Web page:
| Yesterday afternoon, Banxico, the central bank of Mexico, technically surprised the markets with a 25 bps rate cut in a 4-1 split decision. However, in truth, the move wasn’t that big of a surprise as a decent amount of the market was looking for a rate cut. |
The bigger surprise was found in the statement. In deciding to cut rates, Banxico gave a nod to market pressures and acknowledged that a weaker currency was welcome given the deeper-than-expected economic slump and easier monetary policy conditions. In broad terms, it appears that Mexico is moving towards the global trend of dovish central banks. By responding to cyclical factors, instead of structural factors, Banxico has adopted a dovish stance and hinted that Mexico has kicked off an easing cycle. As such, expect further cuts later this year with Banxico’s September meeting increasingly in play especially if the Fed cuts rates the week before.
Over in the US, the 10-year yield dropped down to ~1.47% before yields pushed back higher. While yields were dropping throughout the session yesterday, the move down to ~1.47% came during a sharp drop that quickly reversed. One of the catalysts for this move was speculation that the Fed could make a rare inter-meeting move given the deterioration in the global economic picture. However, James Bullard, one of the most dovish Fed members, threw cold water on the idea. On this point, we agree with him. The Fed meets roughly every six weeks. The timing of a cut, should the Fed choose to deliver one, is not that sensitive that a couple weeks one way or another would make a difference.
In the near term, the bigger difference will most likely be Jay Powell’s remarks at the global central bank symposium next week. Recent economic data supports Chair Powell’s forecast of solid economic growth and higher inflation, and markets will be interested in how recent data plays into Powell’s rate path outlook. Most likely, recent data will help settle the debate between a 25 or 50 bps cut rather than whether or not to cut. The global economy remains characterized by globalization. As such, the Fed has to also consider global data as well as expectations for future data.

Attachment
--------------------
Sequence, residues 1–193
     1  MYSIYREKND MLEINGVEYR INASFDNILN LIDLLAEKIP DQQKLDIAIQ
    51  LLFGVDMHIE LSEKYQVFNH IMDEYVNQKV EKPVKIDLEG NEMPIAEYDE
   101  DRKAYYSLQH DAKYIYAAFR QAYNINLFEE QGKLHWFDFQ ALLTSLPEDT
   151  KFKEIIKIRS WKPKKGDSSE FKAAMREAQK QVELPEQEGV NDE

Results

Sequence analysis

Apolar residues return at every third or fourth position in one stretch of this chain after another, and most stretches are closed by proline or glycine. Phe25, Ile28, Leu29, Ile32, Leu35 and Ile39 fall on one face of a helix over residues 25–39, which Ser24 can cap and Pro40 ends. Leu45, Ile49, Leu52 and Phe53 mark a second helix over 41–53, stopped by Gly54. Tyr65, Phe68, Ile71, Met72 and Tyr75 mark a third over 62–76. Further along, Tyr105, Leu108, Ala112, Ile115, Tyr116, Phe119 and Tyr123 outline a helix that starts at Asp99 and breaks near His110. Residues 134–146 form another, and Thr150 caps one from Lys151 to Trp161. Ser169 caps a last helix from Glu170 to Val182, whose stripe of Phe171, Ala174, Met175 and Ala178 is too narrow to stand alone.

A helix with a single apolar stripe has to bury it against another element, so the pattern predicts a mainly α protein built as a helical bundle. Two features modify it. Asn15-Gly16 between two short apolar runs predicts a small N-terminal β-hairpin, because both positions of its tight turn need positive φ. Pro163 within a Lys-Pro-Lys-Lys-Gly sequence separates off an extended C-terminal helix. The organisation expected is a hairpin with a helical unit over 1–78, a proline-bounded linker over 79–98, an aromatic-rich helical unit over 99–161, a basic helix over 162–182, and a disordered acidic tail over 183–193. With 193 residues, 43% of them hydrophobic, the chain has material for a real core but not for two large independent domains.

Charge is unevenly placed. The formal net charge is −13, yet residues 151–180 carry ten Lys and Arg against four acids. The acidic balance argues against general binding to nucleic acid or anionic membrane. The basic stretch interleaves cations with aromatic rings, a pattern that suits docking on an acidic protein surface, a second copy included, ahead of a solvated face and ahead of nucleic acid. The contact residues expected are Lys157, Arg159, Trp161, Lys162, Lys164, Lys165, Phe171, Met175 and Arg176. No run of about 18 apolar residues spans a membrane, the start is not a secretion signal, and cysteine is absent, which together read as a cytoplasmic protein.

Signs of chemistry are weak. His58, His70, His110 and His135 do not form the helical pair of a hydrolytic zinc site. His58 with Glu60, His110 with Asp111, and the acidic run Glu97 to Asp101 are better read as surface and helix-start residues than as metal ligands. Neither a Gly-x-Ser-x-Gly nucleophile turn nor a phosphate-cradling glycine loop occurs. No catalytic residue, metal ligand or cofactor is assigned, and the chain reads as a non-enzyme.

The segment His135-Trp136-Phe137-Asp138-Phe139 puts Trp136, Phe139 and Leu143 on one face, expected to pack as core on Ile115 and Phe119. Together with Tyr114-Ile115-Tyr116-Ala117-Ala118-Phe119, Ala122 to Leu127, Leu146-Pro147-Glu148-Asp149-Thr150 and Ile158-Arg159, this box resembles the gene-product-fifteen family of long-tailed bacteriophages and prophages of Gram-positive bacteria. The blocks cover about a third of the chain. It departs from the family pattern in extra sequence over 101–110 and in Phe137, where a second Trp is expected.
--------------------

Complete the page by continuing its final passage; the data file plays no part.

| HERE ARE THE KEY NEWS STORIES FROM OVERNIGHT:|
- The British pound is up sharply on the session on headlines that opposition leader Jeremy Corbyn has made an appeal to other UK parties to make him a caretaker PM in order to stop a no-deal Brexit.
- US housing starts came in weaker than expected, printing 1.19M starts against expectations for 1.26M starts.
- Japan has overtaken China as the biggest holder of US Treasuries. Strong and consistent purchases of foreign bonds from Japanese investors have been a key theme this year with Japanese investors net purchasing 173 billion worth of foreign debt this past week.
- The BoJ cut the amount of 5 to 10-year debt during its regular debt buying operations in a sign that the BoJ is becoming uncomfortable with how low Japanese yields are.
- Trade tensions eased a bit overnight as Donald Trump indicated that he has a phone call coming up with China’s Xi Jinping.
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